1 person found this helpful
One tracking point allows you track an object's position. Two tracking points allows you to track rotation. This is a standard function of AE's built in motion tracker, but you could also use Mocha if you wanted to.
You need to track the position of the finger (probably the finger tip), and you also need to track a second point on the finger. Ideally, that point would be above the first finger joint, so that if the finger bends at the joint the object will rotate with it. Depending on the resolution and the scale of your shot this may not be possible.
1 person found this helpful
As Andrew said you will need two tracking points. Depending on the shot AE's point tracker may work better than Mocha. You may even be better off stabilizing the shot so that the finger does not move in the frame, animating the pointing object by hand, then removing the stabilization from the shot and adding the movement from the stabilized shot to the animated layer.
If you could post a few frames of the video on YouTube or Vimeo we could give you a better idea.
Andrew - I had understood about the rotation tracking, I guess my concern was that how would I apply that data to an object that would be, say, 6 inches out from the finger because the movement of the object would be more exagerated due to the distance out... would I need an expression on top of it?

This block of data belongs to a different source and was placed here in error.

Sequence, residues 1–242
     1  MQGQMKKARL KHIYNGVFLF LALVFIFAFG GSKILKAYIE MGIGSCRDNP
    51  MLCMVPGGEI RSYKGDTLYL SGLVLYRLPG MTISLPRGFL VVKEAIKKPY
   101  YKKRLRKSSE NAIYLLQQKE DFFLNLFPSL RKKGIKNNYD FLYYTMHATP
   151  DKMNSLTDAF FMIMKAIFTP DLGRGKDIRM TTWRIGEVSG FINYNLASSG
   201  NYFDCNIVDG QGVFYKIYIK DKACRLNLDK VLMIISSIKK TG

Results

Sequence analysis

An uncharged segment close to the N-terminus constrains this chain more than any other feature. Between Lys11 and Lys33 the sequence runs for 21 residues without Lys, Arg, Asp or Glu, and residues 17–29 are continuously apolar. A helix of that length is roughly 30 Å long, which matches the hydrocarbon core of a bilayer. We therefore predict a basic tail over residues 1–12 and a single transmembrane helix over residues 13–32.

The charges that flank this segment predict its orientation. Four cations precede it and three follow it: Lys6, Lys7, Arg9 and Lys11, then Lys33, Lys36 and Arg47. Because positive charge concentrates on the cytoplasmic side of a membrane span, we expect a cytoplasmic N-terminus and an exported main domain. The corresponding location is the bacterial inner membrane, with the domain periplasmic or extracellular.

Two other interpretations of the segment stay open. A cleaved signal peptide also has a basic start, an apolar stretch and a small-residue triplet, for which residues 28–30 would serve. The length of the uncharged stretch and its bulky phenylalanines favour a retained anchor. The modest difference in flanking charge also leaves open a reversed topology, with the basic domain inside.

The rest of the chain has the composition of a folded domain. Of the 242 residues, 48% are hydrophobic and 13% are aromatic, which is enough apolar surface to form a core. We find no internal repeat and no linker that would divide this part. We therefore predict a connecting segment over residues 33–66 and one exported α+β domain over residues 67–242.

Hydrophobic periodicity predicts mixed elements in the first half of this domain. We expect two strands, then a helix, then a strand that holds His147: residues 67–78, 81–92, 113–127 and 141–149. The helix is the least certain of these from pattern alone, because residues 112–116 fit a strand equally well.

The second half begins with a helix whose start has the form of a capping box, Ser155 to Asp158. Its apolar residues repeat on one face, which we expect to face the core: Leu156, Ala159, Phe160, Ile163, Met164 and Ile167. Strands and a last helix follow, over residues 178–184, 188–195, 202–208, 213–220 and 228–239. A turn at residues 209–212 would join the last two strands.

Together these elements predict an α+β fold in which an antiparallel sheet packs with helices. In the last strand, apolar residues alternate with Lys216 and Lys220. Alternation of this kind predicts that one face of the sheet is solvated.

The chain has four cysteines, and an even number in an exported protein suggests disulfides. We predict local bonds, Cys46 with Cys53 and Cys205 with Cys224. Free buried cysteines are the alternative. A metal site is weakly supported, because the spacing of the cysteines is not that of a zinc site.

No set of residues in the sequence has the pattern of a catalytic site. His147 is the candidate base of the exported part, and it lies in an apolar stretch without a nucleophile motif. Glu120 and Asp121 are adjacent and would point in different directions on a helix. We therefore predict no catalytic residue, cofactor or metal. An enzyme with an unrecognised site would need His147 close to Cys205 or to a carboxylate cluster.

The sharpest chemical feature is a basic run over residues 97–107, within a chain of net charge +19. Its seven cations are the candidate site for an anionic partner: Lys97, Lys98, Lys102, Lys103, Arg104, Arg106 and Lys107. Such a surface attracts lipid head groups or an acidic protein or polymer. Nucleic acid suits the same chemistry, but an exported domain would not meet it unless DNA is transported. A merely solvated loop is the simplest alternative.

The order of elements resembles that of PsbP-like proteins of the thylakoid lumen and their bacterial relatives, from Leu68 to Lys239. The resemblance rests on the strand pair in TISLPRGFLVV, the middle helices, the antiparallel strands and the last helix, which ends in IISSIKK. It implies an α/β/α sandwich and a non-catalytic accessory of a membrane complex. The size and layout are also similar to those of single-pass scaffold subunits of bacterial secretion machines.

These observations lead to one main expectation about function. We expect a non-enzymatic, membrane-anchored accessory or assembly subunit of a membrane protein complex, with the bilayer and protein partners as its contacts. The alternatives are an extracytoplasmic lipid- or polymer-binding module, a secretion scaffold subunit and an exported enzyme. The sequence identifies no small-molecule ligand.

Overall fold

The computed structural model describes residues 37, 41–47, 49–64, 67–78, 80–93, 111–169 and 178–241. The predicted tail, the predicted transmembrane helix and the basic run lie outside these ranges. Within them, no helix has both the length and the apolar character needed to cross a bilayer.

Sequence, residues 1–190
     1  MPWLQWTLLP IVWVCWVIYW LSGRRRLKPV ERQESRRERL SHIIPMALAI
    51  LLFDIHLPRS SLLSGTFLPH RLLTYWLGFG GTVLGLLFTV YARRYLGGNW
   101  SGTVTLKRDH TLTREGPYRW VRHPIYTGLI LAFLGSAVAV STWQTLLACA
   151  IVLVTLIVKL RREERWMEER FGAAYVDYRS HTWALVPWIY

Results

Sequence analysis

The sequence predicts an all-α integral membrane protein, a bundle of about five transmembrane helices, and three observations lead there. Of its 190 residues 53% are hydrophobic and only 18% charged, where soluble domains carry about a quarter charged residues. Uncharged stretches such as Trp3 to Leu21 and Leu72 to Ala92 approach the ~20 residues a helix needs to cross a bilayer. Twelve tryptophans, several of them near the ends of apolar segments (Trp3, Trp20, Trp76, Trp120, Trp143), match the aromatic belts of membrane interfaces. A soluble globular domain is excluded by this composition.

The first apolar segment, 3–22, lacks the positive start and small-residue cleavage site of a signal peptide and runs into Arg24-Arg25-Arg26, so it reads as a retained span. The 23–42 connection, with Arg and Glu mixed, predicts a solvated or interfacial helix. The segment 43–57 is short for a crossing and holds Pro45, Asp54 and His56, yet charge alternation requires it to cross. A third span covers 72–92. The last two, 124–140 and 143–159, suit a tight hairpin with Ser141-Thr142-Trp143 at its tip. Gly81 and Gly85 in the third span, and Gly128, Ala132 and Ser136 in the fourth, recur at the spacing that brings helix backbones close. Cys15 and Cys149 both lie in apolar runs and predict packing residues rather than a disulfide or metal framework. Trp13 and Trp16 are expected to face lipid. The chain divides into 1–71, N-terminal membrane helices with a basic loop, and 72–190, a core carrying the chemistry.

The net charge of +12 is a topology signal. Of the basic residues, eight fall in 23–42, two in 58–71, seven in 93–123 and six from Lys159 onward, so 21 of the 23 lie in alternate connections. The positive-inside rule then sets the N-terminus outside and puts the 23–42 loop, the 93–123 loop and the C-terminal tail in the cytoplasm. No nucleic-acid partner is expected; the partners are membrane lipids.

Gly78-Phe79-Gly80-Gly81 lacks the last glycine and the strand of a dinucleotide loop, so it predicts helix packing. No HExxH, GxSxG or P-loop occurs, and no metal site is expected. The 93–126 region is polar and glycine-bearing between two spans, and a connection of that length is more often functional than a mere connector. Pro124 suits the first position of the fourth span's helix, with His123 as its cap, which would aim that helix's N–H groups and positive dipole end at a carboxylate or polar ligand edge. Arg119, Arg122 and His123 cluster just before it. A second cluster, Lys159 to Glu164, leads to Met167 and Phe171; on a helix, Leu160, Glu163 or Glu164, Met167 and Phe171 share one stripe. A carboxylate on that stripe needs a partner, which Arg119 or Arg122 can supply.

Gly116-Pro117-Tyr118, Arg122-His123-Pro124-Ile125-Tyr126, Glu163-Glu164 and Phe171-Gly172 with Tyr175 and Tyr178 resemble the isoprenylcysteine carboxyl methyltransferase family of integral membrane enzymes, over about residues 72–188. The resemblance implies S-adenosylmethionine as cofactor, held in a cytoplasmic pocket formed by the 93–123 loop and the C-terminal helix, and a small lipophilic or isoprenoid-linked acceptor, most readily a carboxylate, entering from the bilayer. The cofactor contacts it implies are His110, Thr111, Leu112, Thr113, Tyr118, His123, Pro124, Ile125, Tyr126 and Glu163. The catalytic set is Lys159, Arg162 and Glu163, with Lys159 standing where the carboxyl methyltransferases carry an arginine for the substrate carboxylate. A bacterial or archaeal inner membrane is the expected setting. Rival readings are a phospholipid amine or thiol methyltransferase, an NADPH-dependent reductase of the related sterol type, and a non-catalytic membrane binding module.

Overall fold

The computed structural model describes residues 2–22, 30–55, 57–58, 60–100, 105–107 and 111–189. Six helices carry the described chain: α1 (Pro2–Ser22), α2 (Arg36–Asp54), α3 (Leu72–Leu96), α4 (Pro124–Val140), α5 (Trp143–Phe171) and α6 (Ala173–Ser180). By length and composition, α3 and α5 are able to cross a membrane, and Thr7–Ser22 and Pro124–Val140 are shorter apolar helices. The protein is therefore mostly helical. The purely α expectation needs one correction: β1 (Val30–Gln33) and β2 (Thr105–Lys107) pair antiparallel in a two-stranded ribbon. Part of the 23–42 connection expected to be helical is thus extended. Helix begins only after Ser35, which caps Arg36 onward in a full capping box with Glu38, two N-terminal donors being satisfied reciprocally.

Rick - How would I add the stabilized shot information to my object layer? also, Would you be talking about using the Warp Stabilizer in CS6?
When you stabilize a shot using AE's built in stabilizer (not the warp stabilizer) you pick some points on the shot that you don't want to move, run the analysis, and then click stabilize. The part you stabilized should now not move in the frame but the rest of the video will be moving around.
Did you follow that? If you stabilize a hand and a finger then the hand and finger will not move but the rest of the shot will be moving around the hand and finger.
U will reveal the keyframes. There will be some for anchor point and rotation
You then add a layer for your artwork. It doesn't move so you can position it exactly where you want it and do any animation easily.
The easiest way to add the motion to the new artwork and remove the stabilized shot is to simply add a camera that has about the same focal length as your original shot, make the footage and the artwork layers 3D layers, then parent the camera to the footage.
You can also copy the anchorpoint keyframes to the position keyframes for the artwork and use a -Value expression added to the rotation keyframes that you copy and paste to the artwork.
Here's a tutorial that should get you started.
Without seeing a sample of your footage I can't give you any better pointers than that.
Thank you so much Rick, that worked brilliantly!
Don't know if I should do a separate question, but how would you do the same for 2 hands? Ie like if someone was juggling something back and forth (Trying to animate the "something")?